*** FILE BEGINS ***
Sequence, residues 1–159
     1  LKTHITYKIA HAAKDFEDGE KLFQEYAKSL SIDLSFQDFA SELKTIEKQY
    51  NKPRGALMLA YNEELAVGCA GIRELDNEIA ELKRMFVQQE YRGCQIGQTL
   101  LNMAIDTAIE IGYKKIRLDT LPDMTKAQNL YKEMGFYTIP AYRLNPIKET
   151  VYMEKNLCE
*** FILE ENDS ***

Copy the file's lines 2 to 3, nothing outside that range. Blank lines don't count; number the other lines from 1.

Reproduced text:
     1  LKTHITYKIA HAAKDFEDGE KLFQEYAKSL SIDLSFQDFA SELKTIEKQY
    51  NKPRGALMLA YNEELAVGCA GIRELDNEIA ELKRMFVQQE YRGCQIGQTL